If I made myself plan out my stories that much, then not only would I get completely bored of the idea (which happened the one time that I planned out a story) but I would be basically giving my inner critic free-reign on my writing. I would fall back into that process of writing, then deleting what I've written, then writing, then deleting what I've written and so on. 
It's a pretty tiring cycle and one that basically ends up making me feel awful. I end up being unable to write and feeling really physically sick every time I so much as look at my word-processor, because I know that's all that's waiting for me.
Me all the time. Except I don't throw computers around.
Yeah. I think you're starting to see why I don't plan that much. 
The thing is there isn't a right or wrong way of writing. I mean, yeah, there's basic grammar rules but not even those aren't set in stone. I once read a book where the lack of proper English or grammar was used for characterisation. You can write however you want. You can write a book like Illuminae that uses mostly pictures or blueprints or chat logs to tell your story. Or you can write a book that drops grammar completely.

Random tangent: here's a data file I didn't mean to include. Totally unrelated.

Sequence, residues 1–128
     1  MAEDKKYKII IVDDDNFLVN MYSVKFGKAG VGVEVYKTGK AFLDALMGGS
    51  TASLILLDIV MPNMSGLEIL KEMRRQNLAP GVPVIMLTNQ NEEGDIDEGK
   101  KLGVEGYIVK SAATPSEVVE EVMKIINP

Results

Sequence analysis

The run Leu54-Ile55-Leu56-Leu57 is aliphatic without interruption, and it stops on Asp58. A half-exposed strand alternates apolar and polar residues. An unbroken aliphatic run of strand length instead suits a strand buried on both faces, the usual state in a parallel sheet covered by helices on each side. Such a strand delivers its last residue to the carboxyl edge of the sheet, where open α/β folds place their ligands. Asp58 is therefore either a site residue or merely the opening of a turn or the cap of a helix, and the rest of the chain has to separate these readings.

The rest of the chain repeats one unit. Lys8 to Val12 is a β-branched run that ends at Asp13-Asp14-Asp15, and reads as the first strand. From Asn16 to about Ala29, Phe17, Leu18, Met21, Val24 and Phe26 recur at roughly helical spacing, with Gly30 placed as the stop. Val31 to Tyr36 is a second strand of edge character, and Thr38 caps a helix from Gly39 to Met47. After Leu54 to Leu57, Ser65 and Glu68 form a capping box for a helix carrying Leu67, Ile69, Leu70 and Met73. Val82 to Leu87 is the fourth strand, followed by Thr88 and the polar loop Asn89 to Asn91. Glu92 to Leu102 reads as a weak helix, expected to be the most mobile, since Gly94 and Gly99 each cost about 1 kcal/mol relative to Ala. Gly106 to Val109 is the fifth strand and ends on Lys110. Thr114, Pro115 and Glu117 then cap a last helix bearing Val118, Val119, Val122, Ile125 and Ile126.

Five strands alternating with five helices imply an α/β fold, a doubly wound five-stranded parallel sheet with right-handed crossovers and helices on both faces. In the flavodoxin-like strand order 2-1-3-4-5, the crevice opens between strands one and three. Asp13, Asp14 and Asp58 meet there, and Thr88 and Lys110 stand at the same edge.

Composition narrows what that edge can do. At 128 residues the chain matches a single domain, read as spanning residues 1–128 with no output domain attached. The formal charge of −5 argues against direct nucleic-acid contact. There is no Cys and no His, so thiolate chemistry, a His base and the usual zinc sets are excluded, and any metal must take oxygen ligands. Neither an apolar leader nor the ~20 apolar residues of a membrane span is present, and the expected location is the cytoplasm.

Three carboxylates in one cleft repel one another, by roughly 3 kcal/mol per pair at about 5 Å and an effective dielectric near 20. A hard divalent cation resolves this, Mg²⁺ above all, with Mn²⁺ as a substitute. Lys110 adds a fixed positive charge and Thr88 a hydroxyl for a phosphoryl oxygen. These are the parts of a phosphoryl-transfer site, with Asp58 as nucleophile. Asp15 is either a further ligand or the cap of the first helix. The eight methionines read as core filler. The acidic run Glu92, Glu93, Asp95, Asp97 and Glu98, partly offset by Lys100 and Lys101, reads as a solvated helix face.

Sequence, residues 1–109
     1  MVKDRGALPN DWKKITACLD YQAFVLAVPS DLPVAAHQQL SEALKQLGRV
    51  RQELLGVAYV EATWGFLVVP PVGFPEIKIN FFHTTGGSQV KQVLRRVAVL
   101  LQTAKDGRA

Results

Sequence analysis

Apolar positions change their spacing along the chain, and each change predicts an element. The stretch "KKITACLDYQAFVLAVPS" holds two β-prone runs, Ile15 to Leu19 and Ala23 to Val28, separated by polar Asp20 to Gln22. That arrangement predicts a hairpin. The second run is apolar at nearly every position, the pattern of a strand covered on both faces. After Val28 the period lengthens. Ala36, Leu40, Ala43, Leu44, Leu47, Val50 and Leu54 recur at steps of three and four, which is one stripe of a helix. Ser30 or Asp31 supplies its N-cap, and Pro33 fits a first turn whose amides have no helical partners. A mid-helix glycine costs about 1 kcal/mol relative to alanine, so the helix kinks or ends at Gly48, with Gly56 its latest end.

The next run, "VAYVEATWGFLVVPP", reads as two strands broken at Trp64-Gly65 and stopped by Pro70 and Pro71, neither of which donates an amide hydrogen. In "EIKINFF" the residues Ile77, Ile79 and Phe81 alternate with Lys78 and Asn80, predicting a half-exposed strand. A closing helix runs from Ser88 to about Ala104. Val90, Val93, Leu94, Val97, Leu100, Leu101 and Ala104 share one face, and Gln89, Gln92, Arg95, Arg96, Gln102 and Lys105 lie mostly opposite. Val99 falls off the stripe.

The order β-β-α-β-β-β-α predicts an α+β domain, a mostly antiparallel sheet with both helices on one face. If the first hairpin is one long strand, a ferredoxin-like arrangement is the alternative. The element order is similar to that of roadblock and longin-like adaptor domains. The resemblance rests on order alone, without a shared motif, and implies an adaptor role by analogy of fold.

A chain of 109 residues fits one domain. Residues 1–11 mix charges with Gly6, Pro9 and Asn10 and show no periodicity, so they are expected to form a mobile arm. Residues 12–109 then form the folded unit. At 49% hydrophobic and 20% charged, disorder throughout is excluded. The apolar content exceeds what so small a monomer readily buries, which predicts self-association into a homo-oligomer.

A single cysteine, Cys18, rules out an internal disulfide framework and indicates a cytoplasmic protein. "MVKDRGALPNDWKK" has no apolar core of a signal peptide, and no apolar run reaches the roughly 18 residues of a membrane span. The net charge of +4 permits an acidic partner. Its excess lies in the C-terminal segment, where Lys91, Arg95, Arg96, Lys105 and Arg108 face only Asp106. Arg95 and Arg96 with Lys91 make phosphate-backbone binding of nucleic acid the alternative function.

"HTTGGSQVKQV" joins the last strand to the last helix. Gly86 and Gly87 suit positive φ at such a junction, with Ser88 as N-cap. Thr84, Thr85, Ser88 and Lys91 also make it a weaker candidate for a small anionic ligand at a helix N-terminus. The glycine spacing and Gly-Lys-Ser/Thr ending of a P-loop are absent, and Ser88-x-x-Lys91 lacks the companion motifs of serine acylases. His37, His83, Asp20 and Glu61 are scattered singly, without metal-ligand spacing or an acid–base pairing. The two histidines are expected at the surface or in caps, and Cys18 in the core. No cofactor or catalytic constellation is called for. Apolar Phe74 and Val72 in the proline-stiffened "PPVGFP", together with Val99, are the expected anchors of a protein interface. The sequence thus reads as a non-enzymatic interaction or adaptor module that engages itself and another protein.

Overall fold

I'm not sorry. 
And the same is true of how you write. I personally like to write with a cup of tea next to me and music playing, maybe wrapped in a warm duvet when it's cold. But that doesn't mean I think everyone should write like that. You might prefer to write in silence. Or without the beautiful comfort of tea, strangely enough.